- Syringes: Have smaller capacity but are easier to use and more accurate.
- Pens: Some pens use cartridges that are inserted into them. Others are bought preloaded and thrown away after all the insulin has been used. The insulin dose is dialed into the pen and is injected through the needle. Cartridges and pens that are already loaded with insulin contain only one type of insulin. If two types of insulin are prescribed, two different pens will need to be used.
Advantages of syringes and pens
- Injections require less training than an insulin pump to be used and may cost less.
- Pens are easier to use than syringes, they are also portable and discreet.
- Pen needles are smaller and finer therefore, less pain.
Disadvantages of syringes and pens
- Both syringes and pens are less private than an insulin pump and not all types of insulin can be used with a pen. A syringe can mix two types of insulin, but with a pen you cannot do the same.
- Pens are more expensive than syringes and may not be covered by insurance.
- If insulin is injected close to the same place each time, fat deposits may form. Both problems can be unsightly and cause insulin to not do its job as well.
An insulin pump is a small device that releases insulin through a small plastic tube (catheter). The device continuously pumps insulin day and night. It can also release insulin faster (bolus) before meals.
There are two types of insulin pumps; traditional and patch pumps:
Traditional pumps include an insulin reservoir (cartridge) and a catheter. The catheter is inserted with a plastic needle just under the skin into the fatty tissue. This is held in place with an adhesive band. The catheter is connected by tubes to a pump that has a digital screen. This allows the user to program the device to deliver the necessary insulin. On the other hand, patch pumps are worn directly on the body with the reservoir and tubing inside a small box. A separate wireless device programs the release of insulin from the pump.
- You can program several basal infusions. This allows better adjustment to the different insulin needs that the person has during the day.
- It also allows better coverage of the “dawn phenomenon” that occurs when there are blood sugar increments in the early mornings, with this the basal rate of insulin in those hours can be increased.
- The continuous supply of insulin by the pump allows greater freedom of schedules. Thus, a meal can be delayed without fear that the effect of the administered insulin will end, as occurs in therapy with multiple insulin injections.
- The pump only uses fast-acting analogs, which ensures a more predictable effect, compared to slow-acting or intermediate-acting insulins.
- It allows modification of the basal rate of up to 0.025 U/h, and changes in boluses from 0.05 to 0.05 U too.
- It allows better adjustment of the insulin amount before exercise.
- Generally, the risk of severe hypoglycemia is reduced.
- In different studies it has shown an improvement in the child and their family’s quality of life. This improvement is fundamentally due to the time flexibility it offers.
- During pump therapy the insulin reservoir is very small. For this reason, it is more susceptible to complications such as, in the event of an interruption in insulin supply, ketoacidosis with hyperglycemia (high blood sugar). Usually with good education from the diabetes health team, patients on insulin pumps know how to avoid this situation.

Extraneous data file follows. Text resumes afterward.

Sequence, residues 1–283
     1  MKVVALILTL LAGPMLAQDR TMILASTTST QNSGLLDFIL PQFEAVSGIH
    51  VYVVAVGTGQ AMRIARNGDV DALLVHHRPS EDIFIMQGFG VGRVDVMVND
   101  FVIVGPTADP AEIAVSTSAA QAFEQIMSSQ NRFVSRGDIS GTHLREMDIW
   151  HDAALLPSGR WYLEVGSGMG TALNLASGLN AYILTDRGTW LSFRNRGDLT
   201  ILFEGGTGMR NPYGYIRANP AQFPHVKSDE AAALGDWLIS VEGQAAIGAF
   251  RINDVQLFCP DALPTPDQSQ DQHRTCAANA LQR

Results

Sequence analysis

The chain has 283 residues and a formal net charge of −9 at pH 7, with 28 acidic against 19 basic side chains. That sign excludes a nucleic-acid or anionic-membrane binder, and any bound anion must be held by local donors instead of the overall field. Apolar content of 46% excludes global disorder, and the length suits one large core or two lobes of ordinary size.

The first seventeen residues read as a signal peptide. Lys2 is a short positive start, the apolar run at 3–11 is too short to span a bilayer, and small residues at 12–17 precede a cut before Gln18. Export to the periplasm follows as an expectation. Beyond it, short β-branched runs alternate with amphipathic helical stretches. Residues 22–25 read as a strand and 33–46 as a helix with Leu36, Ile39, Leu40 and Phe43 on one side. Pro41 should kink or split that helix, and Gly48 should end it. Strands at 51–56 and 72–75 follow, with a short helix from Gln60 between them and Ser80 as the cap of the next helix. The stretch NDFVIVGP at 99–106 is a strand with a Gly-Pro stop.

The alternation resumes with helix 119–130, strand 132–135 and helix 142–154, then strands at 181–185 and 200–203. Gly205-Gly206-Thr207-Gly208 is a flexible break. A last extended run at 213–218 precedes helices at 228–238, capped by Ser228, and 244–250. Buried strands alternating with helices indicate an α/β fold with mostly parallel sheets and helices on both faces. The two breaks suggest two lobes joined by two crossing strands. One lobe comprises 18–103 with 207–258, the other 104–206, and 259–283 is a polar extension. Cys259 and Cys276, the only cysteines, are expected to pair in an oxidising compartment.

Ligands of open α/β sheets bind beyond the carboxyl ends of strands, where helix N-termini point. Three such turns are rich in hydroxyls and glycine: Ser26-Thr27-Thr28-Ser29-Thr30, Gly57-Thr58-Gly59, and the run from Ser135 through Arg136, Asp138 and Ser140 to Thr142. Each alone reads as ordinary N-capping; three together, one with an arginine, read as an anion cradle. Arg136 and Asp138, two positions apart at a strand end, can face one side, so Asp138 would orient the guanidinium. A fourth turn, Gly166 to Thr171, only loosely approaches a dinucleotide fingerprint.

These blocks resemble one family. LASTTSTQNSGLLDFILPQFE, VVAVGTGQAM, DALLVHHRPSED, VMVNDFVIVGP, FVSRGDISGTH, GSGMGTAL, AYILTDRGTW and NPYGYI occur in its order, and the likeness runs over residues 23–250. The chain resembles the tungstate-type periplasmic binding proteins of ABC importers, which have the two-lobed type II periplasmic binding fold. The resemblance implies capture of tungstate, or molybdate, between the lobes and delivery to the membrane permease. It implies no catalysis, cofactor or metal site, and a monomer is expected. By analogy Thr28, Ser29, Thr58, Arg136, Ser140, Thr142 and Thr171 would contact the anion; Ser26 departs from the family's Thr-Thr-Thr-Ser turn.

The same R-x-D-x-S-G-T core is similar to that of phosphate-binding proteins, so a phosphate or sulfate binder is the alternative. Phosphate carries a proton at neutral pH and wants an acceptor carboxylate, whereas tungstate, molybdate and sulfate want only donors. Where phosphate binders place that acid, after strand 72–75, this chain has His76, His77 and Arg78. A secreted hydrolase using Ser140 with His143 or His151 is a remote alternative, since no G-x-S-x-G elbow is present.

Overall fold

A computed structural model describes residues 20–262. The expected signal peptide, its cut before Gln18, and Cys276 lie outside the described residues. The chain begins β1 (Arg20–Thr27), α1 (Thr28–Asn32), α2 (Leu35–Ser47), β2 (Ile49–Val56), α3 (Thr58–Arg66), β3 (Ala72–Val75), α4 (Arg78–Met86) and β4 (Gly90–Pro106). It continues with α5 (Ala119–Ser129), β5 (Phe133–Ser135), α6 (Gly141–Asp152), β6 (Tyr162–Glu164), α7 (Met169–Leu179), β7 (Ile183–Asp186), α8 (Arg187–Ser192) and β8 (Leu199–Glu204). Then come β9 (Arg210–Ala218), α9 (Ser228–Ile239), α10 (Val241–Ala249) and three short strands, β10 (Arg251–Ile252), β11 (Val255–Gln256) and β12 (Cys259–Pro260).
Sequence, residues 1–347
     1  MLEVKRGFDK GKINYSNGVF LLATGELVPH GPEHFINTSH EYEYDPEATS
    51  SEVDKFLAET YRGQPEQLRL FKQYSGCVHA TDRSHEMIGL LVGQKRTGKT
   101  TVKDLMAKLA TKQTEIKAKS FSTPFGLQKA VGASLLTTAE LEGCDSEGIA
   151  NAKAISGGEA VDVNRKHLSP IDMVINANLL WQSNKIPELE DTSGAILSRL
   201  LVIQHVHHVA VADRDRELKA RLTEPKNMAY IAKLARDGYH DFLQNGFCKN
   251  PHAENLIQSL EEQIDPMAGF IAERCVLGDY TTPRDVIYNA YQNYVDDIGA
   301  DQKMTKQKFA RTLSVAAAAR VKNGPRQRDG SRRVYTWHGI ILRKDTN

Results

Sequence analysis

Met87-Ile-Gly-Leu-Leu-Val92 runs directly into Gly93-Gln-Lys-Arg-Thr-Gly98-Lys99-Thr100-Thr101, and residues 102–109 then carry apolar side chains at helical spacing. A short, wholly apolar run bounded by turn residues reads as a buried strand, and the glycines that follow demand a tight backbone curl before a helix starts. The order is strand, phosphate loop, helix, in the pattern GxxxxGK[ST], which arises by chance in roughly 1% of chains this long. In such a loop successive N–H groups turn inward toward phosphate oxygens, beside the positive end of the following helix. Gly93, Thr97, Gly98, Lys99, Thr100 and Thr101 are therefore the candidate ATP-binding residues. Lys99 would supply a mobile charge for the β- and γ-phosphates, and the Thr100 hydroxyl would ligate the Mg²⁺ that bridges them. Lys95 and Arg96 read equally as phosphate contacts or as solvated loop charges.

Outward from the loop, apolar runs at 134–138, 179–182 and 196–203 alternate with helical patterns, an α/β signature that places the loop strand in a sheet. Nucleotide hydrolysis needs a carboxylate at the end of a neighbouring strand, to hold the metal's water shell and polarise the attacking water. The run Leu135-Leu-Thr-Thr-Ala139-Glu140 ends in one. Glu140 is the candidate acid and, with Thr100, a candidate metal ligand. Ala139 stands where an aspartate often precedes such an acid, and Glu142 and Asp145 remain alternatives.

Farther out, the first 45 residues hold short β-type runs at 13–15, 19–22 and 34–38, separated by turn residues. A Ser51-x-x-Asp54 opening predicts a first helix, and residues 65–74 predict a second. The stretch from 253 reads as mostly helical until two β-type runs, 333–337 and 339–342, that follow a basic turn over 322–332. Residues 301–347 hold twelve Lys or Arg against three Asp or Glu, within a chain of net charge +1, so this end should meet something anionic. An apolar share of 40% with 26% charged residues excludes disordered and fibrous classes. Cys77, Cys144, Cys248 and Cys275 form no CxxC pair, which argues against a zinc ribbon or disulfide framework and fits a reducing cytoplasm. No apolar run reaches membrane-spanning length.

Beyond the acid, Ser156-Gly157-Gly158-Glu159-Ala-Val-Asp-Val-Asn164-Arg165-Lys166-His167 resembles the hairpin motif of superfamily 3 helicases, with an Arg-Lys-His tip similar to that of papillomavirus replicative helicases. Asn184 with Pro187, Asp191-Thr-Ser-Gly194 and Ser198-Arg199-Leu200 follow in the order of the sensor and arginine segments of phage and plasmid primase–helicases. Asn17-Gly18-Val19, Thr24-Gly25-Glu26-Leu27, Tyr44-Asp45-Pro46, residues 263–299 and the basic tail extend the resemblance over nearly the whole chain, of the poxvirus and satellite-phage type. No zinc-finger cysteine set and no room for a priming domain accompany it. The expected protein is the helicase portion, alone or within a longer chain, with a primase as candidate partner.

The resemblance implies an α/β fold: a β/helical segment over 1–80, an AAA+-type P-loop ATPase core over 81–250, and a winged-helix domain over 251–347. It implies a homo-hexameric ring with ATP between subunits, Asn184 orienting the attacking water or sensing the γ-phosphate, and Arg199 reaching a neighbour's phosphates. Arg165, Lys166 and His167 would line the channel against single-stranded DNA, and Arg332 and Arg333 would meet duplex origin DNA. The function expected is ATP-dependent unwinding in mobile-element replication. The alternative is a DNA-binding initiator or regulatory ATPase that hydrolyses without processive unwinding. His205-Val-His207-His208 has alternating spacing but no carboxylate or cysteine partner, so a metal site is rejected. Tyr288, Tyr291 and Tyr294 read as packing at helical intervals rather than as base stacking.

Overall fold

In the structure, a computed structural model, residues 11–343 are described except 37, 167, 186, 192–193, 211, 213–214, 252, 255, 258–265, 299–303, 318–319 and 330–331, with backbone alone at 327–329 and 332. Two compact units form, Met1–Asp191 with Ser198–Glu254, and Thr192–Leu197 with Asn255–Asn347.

- The pump must be worn 24 hours a day, which for some people means greater fatigue when controlling their diabetes.
- When on a pump, more frequent and regular monitoring is needed.
- It involves greater expense than therapy with multiple doses of insulin.
- Any child with diabetes, regardless of age, is a potential candidate for an insulin pump. In pediatrics, the main reason for recommending insulin pump therapy is to improve the life quality of the person with diabetes and their caregivers.
- This therapy is especially useful in those people who have a pronounced “dawn phenomenon” and especially in very young children. It is also especially indicated in those people with a history of recurrent severe hypoglycemia (low blood sugar) or inadvertent hypoglycemia.
How to store insulin:
It is recommended that insulin be stored in a refrigerator at approximately 36°F to 46°F. Freezing insulin must also be avoided.
Insulin can cause adverse drug effects that lead to emergency visits. From 2007 to 2011, nearly 100,000 estimated emergency department visits occurred each year in the U.S. for insulin-related low blood sugar or errors when taking insulin. Some of the most prevalent adverse reactions were:
- Nearly two-thirds of the patients had symptoms of severe hypoglycemia, such as shock, seizures, or loss of consciousness.
- Almost one-third of the emergency department visits resulted in hospitalization.
- Older adults are most vulnerable to insulin-related hypoglycemia leading to emergency room visits.
A call to the main physician should be made immediately if there are serious side effects. Calling 911 is a must if the symptoms are life-threatening. Serious insulin side effects and their symptoms can include the following:
- Severe low blood sugar. These symptoms include:
- Mood changes, such as irritability, impatience, anger, stubbornness, or sadness.
- Confusion, including delirium.
- Lightheadedness or dizziness.
- Blurred or impaired vision.
- Tingling or numbness in the lips or tongue area.
- Weakness or fatigue sensation.
- Nightmares or crying out during sleep.
- Serious allergic reaction. These symptoms include:
- A rash all over the body.
- Swelling of hands and feet.
- Hypokalemia, low potassium: with arrhythmia and muscle spasms.
Not only people with type 1 diabetes must inject insulin every day, often up to 4 or 5 times per day. Advanced type 2 diabetes patients may also need it too. Doctors and nurses are also educators who can teach the patient where and when to inject insulin and how to store it properly.